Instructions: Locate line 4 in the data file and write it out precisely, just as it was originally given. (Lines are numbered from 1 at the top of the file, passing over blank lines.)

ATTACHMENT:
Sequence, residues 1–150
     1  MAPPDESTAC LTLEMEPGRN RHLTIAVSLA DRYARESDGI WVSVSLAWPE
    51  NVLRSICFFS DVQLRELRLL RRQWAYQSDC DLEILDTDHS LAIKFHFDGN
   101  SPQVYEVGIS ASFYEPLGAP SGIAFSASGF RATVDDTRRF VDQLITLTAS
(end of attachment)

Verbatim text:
   101  SPQVYEVGIS ASFYEPLGAP SGIAFSASGF RATVDDTRRF VDQLITLTAS